Testament @ The Assembly, Leamington Spa – 21 June 2016

There’s no doubt about it, we live in turbulent times. Death on our streets, mob rule running riot at the latest football bonanza and the deafening cacophony of the will sapping propaganda that our politicians seem to be justifying their existence with lately, it’s all too much.

There has to be an escape, and tonight The Assembly in the gentle spa town of Leamington provides such a haven as the fabled Testament bring a truckload of Bay Area thrash metal to sleepy middle England. The heat in the venue is already so stifling that the notion of a “warm up” act seems, at the very least, superfluous. Nonetheless London lads Savage Messiah do a good job of pushing the mercury up even further.

As we await the arrival of part of our metal heritage to the darkened stage, incense is burned and waved around by the crew, presumably to dispel any unwanted negative energy from the band’s workspace. It appears to be a valid move because as the Berkley thrashers stride out and launch into ‘Over The Wall’ it’s clear that there will simply be no room for any other energy in this place tonight, other than the splendid intensity that Testament has made their stock-in-trade for the last thirty years.

Chuck Billy, the epitome of the eternal teenager, calls the pit to order and we’re off headlong into ‘Rise Up’ and ‘The Preacher’. During the latter Billy produces an inflatable soccer ball which he bats out into the crowd. It’s an impressive swing that might suggest a career at his local ball club The Oakland A’s may have beckoned if this thrash thing hadn’t worked out for him.  Presumably the ball was intended to last as a bit of frivolity, but instead it’s instantly devoured into the mosh and is never seen again – it’s that kind of pit!

There is no false start or ramping things up over a couple of numbers, this is balls out from the get go, and it’s exactly what we’ve come to expect from these guys – tight, pulverising, perfected aggression. That’s all you’re gonna get and it’s all that any Testament crowd wants.  The cheesy boyish grin never leaves Billy’s face as he mimics the swift, maniacal fretwork of his comrades on his microphone stick (it’s definitely not a stand!). Perhaps somebody should put a real guitar in Billy’s hands, but not in this band, because the laser precision of Messers Skolnick and Peterson have got that covered in spades.  These guys are surely amongst the most accomplished dual guitar combos in the business and they miss nothing, seemingly pushing and goading each other to greater heights.  Glorious.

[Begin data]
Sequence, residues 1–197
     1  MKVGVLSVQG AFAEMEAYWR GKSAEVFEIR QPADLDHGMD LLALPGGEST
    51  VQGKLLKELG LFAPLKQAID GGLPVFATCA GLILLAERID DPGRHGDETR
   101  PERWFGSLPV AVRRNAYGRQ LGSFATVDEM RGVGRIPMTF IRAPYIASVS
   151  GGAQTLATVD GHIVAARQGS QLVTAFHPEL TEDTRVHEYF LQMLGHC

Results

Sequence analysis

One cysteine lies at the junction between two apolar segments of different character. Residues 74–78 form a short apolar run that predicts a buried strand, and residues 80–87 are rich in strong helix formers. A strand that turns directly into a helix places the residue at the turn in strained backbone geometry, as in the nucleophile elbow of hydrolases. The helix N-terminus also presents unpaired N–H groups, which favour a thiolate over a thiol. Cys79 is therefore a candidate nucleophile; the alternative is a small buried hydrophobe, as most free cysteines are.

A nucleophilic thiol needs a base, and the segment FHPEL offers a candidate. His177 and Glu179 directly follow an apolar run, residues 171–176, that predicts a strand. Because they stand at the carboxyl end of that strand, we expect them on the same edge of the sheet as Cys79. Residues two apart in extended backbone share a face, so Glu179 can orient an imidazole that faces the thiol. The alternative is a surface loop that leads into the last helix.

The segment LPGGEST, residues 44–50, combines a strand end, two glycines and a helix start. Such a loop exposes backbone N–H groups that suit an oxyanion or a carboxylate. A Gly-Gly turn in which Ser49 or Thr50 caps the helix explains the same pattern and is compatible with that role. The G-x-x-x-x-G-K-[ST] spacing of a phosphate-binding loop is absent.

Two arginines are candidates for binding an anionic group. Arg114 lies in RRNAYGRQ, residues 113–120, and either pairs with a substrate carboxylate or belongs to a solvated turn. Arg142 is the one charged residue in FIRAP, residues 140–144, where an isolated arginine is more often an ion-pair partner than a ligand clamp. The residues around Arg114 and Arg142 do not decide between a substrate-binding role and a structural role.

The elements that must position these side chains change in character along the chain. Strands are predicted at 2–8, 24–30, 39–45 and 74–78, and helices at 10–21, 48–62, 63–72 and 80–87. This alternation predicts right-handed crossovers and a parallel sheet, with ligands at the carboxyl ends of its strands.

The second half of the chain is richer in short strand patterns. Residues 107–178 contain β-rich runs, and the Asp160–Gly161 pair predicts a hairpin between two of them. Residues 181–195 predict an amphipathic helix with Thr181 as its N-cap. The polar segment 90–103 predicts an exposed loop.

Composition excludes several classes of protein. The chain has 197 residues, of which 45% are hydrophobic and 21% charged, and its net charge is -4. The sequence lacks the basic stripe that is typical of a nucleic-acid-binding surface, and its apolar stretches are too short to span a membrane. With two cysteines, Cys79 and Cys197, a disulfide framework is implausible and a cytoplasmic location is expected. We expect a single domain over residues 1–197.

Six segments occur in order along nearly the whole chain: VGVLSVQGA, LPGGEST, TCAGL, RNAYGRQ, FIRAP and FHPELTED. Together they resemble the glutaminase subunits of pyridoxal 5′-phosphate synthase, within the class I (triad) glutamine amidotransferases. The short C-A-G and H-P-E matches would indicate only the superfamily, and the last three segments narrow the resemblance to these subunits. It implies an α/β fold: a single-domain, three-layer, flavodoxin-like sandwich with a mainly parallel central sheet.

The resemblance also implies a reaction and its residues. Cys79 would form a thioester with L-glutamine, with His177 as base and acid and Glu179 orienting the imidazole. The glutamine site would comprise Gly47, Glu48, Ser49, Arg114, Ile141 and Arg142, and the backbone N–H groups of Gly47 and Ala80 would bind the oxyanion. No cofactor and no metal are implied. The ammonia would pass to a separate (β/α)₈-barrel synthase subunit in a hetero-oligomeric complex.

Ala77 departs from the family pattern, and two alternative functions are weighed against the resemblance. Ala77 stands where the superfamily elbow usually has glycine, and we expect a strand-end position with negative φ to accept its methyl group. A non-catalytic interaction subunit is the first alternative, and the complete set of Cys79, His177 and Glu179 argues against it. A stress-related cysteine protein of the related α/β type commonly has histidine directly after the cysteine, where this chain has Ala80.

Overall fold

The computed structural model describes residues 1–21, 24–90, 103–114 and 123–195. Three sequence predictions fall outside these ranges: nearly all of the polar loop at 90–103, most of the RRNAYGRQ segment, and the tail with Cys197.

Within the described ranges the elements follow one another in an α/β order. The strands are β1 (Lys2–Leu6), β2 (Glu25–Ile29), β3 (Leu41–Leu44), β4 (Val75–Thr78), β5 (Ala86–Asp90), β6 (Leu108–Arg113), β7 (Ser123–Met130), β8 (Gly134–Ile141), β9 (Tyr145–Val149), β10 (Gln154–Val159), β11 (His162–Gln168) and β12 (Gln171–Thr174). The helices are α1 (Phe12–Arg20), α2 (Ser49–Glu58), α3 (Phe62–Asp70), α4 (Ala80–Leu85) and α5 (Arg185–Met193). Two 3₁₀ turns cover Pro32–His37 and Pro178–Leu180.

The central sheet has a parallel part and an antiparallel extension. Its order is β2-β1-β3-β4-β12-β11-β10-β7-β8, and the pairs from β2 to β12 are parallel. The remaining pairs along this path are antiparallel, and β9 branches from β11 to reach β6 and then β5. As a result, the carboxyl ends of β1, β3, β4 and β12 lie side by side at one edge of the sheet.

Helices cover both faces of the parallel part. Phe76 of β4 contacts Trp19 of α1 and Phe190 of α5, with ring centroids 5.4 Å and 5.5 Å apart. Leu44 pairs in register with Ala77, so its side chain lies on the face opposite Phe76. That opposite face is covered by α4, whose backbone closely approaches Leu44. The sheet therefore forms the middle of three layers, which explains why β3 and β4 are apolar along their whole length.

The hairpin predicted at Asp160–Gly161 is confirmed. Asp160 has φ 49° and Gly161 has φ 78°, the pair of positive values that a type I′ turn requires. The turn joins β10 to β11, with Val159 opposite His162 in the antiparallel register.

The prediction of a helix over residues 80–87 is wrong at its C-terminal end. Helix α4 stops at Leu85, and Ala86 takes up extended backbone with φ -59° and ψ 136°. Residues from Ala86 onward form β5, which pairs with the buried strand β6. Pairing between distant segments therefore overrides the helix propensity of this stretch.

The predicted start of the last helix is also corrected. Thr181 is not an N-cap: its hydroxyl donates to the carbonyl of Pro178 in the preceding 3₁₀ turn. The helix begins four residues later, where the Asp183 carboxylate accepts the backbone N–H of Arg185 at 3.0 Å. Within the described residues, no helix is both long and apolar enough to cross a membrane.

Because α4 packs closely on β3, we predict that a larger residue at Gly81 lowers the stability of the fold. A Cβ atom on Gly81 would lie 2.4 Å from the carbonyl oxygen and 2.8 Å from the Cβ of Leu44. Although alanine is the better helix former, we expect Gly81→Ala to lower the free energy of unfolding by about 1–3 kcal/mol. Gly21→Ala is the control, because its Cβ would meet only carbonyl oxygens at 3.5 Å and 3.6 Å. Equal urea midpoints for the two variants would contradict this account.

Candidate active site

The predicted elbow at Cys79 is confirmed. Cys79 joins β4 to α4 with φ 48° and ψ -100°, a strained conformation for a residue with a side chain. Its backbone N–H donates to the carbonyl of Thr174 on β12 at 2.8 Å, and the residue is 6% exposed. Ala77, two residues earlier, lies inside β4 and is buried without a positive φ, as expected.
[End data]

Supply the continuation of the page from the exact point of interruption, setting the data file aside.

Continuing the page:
The old school classics are rammed into our faces, Billy declares ‘Legions of the Dead’ to be a love song, surely a stark warning to any ladies looking to get aboard the after show tour bus party.  Billy knows how to command the pit dogs, there’s no division in this society, he leads and they follow. He winds them up, conducts and agitates them, until he finally lets them off the leash with their song, Testament’s tempest anthem to them all: ‘Into the Pit’. The response is rabid and brings a whole new meaning to the term “free movement of people”.

Bassist Steve Di Giorgio, surely one of the coolest cats in metal, strolls nonchalantly around the stage, almost a casual observer at times, until you notice his fingers snaking effortlessly over his strings. It is he and drummer Gene Hoglan who ensure the BPM never drops below Defcon 1 and provides the base for all this wonderful mayhem. ‘DNR’, ‘Dog Faced Gods’, ‘More Than Meets the Eye’ all contribute to this brief history of Testament. All are gulped down eagerly by the mob until ‘Disciples of the Watch’, another fitting tribute to the faithful, brings it all to a frenetic end. We’re left panting, breathless, contented, replete.

Billy lets it be known that Testament hasn’t been to these shores anything like enough and that they would return soon. The fans will be here waiting, ready to go again as they have been for three decades.  The fans reflect the band – Testament by name, Testament by nature.

Review: Noel Fischer
Photography: Steve Johnston